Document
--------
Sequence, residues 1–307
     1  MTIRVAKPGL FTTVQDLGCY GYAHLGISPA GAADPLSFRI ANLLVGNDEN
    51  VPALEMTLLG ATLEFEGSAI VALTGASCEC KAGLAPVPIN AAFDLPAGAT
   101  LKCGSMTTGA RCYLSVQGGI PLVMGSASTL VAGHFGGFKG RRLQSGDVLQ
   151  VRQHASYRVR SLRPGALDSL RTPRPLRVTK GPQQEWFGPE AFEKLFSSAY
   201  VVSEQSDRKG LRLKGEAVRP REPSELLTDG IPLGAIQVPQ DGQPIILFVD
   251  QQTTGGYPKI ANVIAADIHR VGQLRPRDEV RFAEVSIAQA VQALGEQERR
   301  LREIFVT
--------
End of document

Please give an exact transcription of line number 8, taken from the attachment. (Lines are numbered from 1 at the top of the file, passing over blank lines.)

   301  LREIFVT